Archive for the ‘Author: Dilling, L.’ Category

Check out our student blogs!

March 23rd, 2009

Posted by: admin

Hi everyone,

No less than 5 students are writing blogs this semester for their Science and Technology Policy graduate class project.  Please check them out and provide some comments on those that interest you!  Thanks, Lisa

The topics and addresses are:


Tracking science policy legislation:

Renewable energy technology and policy:

More on energy policy:

Tracking Obama’s first 100 days in office:

Carbon in North America

November 28th, 2007

Posted by: admin

I didn’t want the month to expire without mention of the release of “SAP 2.2“, or The First State of the Carbon Cycle Report (SOCCR): The North American Carbon Budget and Implications for the Global Carbon Cycle, a report three years in the making issued by the U.S. Climate Change Science Program. Disclaimer, I was co-lead for the report, which was authored by over 90 scientists from a wide variety of disciplines. The bottom-line punchline is that sources (such as emissions from energy) outweigh sinks (such as forest and soil uptake) in North America by approximately 3:1. This strongly suggests that sinks by themselves are not going to be sufficient to deal with removing emissions in the future. Sinks are also likely to decline and become more uncertain in the future– consider the scientific reports just this month on the volatility of sinks (a few weeks ago, we heard about emissions from forest fires, this week, it is about the reduced carbon uptake during the drought of 2002).

Being a bit of an insider on this report, I wanted to share my own personal opinion on what was distinct and unique about this effort for carbon cycle science and for the CCSP reports issued thus far.


News on science and world poverty

October 25th, 2007

Posted by: admin

The Council of Science Editors (includes editors of many scientific publications around the world) has organized this week to focus some page space on the theme of research on poverty and human development. For some good news on the topic, see some of the amazing data visualizations of Hans Rosling, who argues that many countries that we used to think of as experiencing mass poverty are now developing by many standards at a rapid pace. There are still some bleak spots—many of the countries in Africa unfortunately are not yet on target to meet the Millennium Development Goals. One of the interesting tidbits is a project that is using randomized testing to study the effectiveness of various anti-poverty measures. It seeks to combine sensible, tailored solutions on the ground with a research protocol to rigorously test how well the measures work. While this might seem to be “mundane science” to some, I think it’s a great example of usable science working to help the world’s poor.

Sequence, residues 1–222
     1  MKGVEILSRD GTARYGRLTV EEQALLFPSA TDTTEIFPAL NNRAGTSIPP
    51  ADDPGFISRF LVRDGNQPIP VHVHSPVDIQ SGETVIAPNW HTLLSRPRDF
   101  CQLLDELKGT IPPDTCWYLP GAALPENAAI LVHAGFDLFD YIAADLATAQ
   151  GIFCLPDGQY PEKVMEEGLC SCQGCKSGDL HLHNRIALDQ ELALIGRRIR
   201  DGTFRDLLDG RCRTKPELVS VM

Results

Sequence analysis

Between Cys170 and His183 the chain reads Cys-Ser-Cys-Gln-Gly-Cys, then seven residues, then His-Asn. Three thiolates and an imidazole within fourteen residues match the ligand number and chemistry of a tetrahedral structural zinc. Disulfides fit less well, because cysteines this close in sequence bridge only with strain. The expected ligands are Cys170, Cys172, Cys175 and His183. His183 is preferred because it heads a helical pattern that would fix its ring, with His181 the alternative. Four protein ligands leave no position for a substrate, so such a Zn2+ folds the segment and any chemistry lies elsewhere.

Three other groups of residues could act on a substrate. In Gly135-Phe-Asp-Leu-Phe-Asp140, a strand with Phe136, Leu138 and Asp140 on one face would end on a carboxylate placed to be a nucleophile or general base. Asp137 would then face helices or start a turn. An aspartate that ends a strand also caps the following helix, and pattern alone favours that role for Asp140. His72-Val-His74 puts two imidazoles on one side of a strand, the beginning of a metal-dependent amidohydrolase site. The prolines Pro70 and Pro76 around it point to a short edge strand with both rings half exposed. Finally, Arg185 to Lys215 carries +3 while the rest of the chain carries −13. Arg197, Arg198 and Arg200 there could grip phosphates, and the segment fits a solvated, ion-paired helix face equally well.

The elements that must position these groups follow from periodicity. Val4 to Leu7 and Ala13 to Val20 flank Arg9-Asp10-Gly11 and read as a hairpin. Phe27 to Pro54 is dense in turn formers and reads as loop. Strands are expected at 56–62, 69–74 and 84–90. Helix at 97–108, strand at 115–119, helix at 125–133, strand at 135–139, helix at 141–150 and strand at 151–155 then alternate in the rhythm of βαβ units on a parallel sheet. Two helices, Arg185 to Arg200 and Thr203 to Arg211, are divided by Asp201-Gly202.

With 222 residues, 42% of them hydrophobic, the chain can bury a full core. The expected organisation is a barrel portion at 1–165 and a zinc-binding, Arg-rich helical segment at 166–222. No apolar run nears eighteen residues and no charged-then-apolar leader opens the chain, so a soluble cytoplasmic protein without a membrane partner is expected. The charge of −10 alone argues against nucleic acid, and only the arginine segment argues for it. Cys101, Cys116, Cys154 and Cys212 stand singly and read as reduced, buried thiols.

Al Gore and the Nobel

October 12th, 2007

Posted by: admin

Former Vice-President Al Gore and the Intergovernmental Panel on Climate Change (IPCC) share this year’s Nobel Peace Prize. In doing so, they join the ranks of previous winners such as Martin Luther King Jr., Mother Teresa, Aung San Suu Kyi, Nelson Mandela, and many other internationally recognized figures working on human rights and global security issues.

I was personally surprised by this decision by the Nobel Committee on many levels.


We’re Hiring!

September 26th, 2007

Posted by: admin

Faculty Position, Center Director
Science and Technology Policy Research
CIRES, University of Colorado at Boulder

This is a fantastic opportunity for individuals who conduct science and technology policy research. Please see our webpage at: for the wide range of research and outreach going on at the Center. If you have questions about the Center or the University of Colorado, please feel free to contact me, Lisa Dilling, at ldilling AT Please forward to colleagues!


The US Climate Change Science Program and Decision Support

November 29th, 2005

Posted by: admin

A few weeks ago, the US Climate Change Science Program held a large public workshop with the stated goal of “serving as a forum to address the Program’s progress and future plans regarding its three decision support approaches.” In the Strategic plan, these three approaches are broken down into producing synthesis and assessment reports, developing adaptive management approaches and developing methods to support climate change policy making. This conference was organized around only the first two topics, not explicitly discussing the third.

I attended the workshop, along with about 800 other people. The breakdown of attendees was not given, but among presenters the statistics were clear—scientists and government participants dominated. The paucity of attendance of true “decisionmakers” who might be using the information generated by the program was readily apparent. If taking time to attend a three-day meeting is any indication of who the stakeholders of the CCSP are, the message is obvious: scientists and scientific agencies.